Q&A with TOMODACHI Program Participants and TOMODACHI Alumni: Reika Mihara
Reika Mihara is an alumna of Building the TOMODACHI Generations Morgan Stanley Ambassadors Program held in 2020. She is a sophomore at Sophia University Faculty of Liberal Arts. In May 2020, she started working as a TOMODACHI Alumni Intern.
Q1. Tell me how you became interested in Building the TOMODACHI Generations Morgan Stanley Ambassadors Program (BTG Program) 2020?
When I first heard of this program, two components of the program excited me so much. First, I thought it would be a special opportunity to learn about civil society and multi-sectoral partnerships directly from professionals working in nonprofit organizations, government institutions, and private corporations. Another feature that fascinated me was project planning. I became highly motivated to learn about principles of project management and implement the learning in planning project to address social issues in Japan.
Q2. Did you develop good friendships on the program? Who was the first friend you met?
One of the first friends I met was a Japanese participant from Kyoto, called Momoka. What I found interesting about her was her passion about her future dream. She wanted to be a pilot. She loves flying and she does everything she could do to achieve her dream. For example, she goes to the airport whenever she has time and goes to the deck to see the airplanes. During our flight to the U.S., she kept a journal about the flight and talked to the flight attendant to see the pilot. It was the first time I met a person who does these things at our age. I had not made so much effort toward my dream at the time, and she made me feel I wanted to do the same.
Q3. True, I know a lot of people don’t know what they want to do in the future. I am glad to know that Momoka was such an inspiration for you. So, you said you wanted to do something for yourself too. Did you try something new?
I want to work in the art industry in the future and create a platform where people can engage with art. Usually, people who are interested in being an artist go to art universities but I do not. So I started thinking about what I can do as a non-art school student. What came up in my mind was to draw something every day. I used to think that I had no time for this but after coming back to Japan, I wondered why I don’t do it just in a short amount of time. I also wanted to get used to showing my drawings to other people so I started to post them on my Instagram. In the future, I want to try entering some amateur painting contests.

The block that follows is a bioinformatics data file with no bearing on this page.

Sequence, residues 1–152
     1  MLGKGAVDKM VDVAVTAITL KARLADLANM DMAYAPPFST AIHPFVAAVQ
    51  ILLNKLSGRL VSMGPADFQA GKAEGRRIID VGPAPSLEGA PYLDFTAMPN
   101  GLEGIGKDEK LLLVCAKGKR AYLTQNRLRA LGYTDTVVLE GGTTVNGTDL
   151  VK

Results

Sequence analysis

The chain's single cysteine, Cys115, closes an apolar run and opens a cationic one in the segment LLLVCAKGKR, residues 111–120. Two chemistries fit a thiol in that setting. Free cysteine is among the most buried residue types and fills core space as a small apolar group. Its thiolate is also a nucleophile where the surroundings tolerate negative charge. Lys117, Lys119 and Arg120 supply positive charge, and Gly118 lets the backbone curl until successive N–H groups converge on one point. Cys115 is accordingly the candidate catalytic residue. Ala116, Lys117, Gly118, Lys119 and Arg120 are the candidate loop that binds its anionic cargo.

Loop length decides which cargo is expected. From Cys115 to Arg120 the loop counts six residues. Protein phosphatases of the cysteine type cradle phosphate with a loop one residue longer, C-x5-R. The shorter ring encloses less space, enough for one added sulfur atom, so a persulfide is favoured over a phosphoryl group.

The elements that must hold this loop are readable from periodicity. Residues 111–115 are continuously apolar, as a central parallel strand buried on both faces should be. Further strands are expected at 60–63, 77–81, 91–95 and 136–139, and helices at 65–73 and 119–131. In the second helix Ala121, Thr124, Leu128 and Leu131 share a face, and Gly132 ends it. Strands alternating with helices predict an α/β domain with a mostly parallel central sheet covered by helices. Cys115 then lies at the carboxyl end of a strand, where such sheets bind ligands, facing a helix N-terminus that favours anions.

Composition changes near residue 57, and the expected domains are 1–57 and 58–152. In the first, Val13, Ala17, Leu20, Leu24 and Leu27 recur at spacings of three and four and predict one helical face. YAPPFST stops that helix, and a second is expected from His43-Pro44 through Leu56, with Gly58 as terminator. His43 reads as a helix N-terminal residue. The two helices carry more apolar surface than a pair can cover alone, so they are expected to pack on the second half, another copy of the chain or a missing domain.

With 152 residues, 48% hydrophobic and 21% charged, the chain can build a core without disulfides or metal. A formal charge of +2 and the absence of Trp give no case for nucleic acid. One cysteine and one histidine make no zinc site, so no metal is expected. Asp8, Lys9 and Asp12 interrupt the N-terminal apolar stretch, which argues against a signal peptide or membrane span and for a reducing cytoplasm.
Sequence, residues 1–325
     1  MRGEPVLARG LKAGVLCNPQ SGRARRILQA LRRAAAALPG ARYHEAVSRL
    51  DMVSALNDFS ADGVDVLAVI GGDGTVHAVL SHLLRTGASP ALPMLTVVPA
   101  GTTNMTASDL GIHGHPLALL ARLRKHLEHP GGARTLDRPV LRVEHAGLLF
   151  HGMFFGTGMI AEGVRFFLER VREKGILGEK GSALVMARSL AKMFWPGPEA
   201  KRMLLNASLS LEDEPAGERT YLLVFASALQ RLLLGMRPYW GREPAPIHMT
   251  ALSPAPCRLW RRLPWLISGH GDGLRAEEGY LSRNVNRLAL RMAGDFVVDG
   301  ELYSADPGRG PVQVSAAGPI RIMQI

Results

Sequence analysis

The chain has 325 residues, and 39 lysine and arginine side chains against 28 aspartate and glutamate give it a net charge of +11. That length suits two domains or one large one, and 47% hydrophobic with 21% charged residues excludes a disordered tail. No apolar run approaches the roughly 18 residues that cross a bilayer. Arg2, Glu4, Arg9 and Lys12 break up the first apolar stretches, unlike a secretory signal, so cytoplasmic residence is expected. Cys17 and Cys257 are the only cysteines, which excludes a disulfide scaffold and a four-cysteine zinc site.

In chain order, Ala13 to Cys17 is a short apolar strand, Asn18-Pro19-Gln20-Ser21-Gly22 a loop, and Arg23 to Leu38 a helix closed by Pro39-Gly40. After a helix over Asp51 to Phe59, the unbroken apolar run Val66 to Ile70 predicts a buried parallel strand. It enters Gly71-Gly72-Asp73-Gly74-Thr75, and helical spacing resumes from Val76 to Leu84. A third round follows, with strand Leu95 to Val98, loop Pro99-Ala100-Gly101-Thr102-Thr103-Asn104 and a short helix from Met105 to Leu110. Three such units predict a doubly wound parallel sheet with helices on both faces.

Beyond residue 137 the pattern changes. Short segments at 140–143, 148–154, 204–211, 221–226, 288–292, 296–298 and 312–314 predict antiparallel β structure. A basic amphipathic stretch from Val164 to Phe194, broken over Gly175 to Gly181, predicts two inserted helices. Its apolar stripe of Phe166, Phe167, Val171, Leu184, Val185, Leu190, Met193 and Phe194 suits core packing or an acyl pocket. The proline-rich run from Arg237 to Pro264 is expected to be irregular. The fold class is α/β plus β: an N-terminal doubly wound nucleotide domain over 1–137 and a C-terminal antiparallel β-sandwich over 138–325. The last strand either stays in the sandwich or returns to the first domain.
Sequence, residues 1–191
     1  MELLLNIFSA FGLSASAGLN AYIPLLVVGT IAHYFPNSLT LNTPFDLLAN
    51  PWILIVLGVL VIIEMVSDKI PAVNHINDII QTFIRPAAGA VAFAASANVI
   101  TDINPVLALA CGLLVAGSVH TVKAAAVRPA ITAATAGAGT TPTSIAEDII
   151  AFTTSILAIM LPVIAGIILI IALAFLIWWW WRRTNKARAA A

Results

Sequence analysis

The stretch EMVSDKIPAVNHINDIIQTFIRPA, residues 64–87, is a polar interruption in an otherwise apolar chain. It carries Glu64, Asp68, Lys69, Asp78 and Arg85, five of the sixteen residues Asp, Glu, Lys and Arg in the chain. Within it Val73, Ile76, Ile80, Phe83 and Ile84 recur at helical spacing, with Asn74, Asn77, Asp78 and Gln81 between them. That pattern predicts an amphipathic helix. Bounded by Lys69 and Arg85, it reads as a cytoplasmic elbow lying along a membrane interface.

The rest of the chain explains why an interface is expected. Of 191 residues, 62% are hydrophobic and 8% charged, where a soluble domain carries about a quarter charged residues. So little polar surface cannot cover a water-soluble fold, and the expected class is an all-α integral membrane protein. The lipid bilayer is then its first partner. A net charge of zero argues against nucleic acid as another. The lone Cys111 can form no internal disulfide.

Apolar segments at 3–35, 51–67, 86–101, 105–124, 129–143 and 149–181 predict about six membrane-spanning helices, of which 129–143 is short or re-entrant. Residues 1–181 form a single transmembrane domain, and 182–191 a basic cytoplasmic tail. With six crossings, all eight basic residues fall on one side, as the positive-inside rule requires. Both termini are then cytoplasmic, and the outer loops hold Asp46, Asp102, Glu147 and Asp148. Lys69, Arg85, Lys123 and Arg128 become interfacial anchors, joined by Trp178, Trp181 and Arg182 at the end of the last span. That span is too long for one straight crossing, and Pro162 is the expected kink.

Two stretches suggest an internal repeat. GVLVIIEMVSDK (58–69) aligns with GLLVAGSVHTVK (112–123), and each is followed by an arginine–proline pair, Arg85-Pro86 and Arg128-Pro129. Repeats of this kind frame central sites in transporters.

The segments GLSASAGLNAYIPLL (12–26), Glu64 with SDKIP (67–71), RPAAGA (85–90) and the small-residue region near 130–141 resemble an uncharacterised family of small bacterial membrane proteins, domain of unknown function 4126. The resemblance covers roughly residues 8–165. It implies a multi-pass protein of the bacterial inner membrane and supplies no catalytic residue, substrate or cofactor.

Q4. Nice, I am glad that you were able to make good connections with people and reflect on your experience. Tell me more about the program. What was one activity that you really loved?
The team project was the most fun part. I met with my team members for the first time in D.C. and we had only two weeks to get to know each other and work together. Our team was called the “United Amigos Coalition” and it consisted of seven participants – three from the U.S. and four from Japan. What I liked the most was how we asked each other: “What ideas do you have?” and “What do you think?” Everyone cared for each other and made sure we each had a voice. Actually, this was very new to me. I always focused on how I can express myself and my thoughts, but the important thing there was that everyone was incorporated and heard. In this moment, my attitude toward group conversation changed forever.
Q5. When you came back from the U.S. in February, the COVID-19 pandemic was just kicking off globally. How did you feel about coming back to Japan?
Honestly, the situation was worse than I had expected. At the same time, if I hadn’t participated in this program, I would have been depressed about the situation. But since I participated in the program, I felt that I could deal with it and be confident in myself. Keeping my Instagram journal is one thing; I can search for interesting articles online and I can have conversations with my friends who I met on the BTG Program online. We actually just celebrated on zoom the birthday of one of the friends I met in Washington DC.
Q6. Wonderful. After you came back to Japan, what made you apply for the TOMODACHI Alumni Internship? And with regard to your future goals, what do you want to do as an intern?
As the BTG Program inspired me in many ways, I realized that one of the significant features of TOMODACHI Programs is its lasting impact on the participants. When I found this internship program, I thought it would be the perfect opportunity to learn how the TOMODACHI Alumni Leadership Program empowers the Alumni’s continuous self-development.
To pursue my ambitions, I would like to develop my capacity to reach out to people by utilizing my creativity. So, in this internship, I am looking forward to taking part in PR of TOMODACHI Alumni Programs so that I can encourage TOMODACHI Alumni to join the programs. Though I have never taken part in professional PR activities, I am excited to practice using different communication tools.
Q7. Last but not least, tell me what TOMODACHI means to you. Do you have a message for those who are to join TOMODACHI Programs in the future?
I would say TOMODACHI “expands, deepens, and connects.” TOMODACHI helps me to expand my ideas and interests, deepens understanding of myself, and connects my present self to my future self. The BTG program indeed kept stimulating me even after I came back to Japan.
For those who are to join TOMODACHI Programs, I recommend you to have many conversations with people you meet in the programs. I am sure that you will get various inspirations from other participants.
TOMODACHI let me find that I can do almost anything if I promised myself to do it. Thanks to TOMODACHI, for making me ready for the next stages ahead and stay well during the self-isolated period.